ESF_lab_manual

ESF_lab_manual - Laboratory Sessions 1&2: Electrostatic...

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1 Laboratory Sessions 1&2: Electrostatic Field (6 hours) I. Theory 1. Mapping the electrostatic field (ESF). 1.1. Basic concepts. Two ways to depict the ESF with line plots exist: the electric field lines (or simply the field lines) and the equipotential lines (potential contours). Usually, both families of curves are plotted together, which creates a comprehensive field picture in the form of an orthogonal curvilinear mesh, whose density corresponds to the ESF energy density. Definition 1 : A field line is a line whose tangent at any point coincides with the direction of the E G field. E G E G Fig 1. E G field line. The equation defining the field line is or 0 Ed ττ × = G G G G & . (1.1) In an x-y plane, equation (1.1) leads to ˆˆ ,w h e r e y x E dy d xdx ydy dx E τ == + G . (1.2) E G x y d G dx dy x E y E Fig. 2. Geometrical interpretation of the field-line equation (1.2).
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2 Definition 2 : An equipotential surface of the potential 0 V is the geometrical place of all points whose electrostatic potential is equal to 0 V . It is defined by the equation ( ) 0 ,, Vxyz V = . (1.3) Usually, 2-D cross sections are plotted from a 3-D equipotential distribution. Thus, the equipotential lines (or contours) are derived. Since ˆ dV E Vn dn =−∇ =− G , (1.4) the field lines are orthogonal to the equipotential surfaces (or contours), see figures 3 and 4. ˆ n 0 V 0 VV + + ˆ n ˆ n ˆ n E G E G E G E G Fig.3. Equipotential contours and field lines. Fig. 4. Equipotential surfaces and field lines.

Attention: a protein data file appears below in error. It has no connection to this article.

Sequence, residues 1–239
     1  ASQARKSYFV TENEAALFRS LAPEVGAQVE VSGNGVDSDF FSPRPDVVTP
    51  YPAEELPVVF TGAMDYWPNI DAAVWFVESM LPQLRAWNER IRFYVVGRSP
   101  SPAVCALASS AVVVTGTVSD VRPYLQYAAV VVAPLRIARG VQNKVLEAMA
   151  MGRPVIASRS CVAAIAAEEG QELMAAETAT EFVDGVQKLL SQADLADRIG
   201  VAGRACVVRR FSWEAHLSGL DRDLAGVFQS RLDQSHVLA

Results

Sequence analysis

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3 The ESF is a potential field. In other words, it is curl free. Therefore, its field lines are open lines: they start at positive charges and end at negative charges (or infinity), as illustrated by the examples below. They never form a closed contour. + Fig.5. The field lines of the ESF of a spherical charge. Fig. 6. The field lines and the equipotential contours of a twin-lead line (cross-section).
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4 1.2. Plotting the field map. It is first assumed that the whole map is going to consist of N E number of field lines originating at a given point source. The total electric field flux Ψ over a closed surface is s Eds ε Ψ= ∫∫ G G . (1.5) The electric field flux Ψ does not depend on the choice of the surface as long as this surface encloses one of the field poles (sources). If one chooses to integrate along an equipotential surface, equation (1.5) simplifies to || s Ed s ∫∫ G , (1.6) since the surface element ds G has the same direction as the E G field. To represent correctly the field flux density DE = GG , we distribute the field lines in such a way that between every pair of lines there is the same amount of flux / E N ∆Ψ=Ψ , see figure 7. Fig. 7. Flux tubes and the flux density D G . It is also important how the equipotential lines are drawn. Let us assume that the equipotential lines are drawn at equal voltage increments of V =const. If this increment V is sufficiently small, the E G field will have a magnitude of V E τ = G (1.7) between the respective pair of equipotential lines. Here, is the orthogonal distance between these equipotential lines. The line segment is tangential to the field line. The field’s
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This note was uploaded on 02/29/2012 for the course PHYS 227 taught by Professor Rabe during the Fall '08 term at Rutgers.

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ESF_lab_manual - Laboratory Sessions 1&2: Electrostatic...

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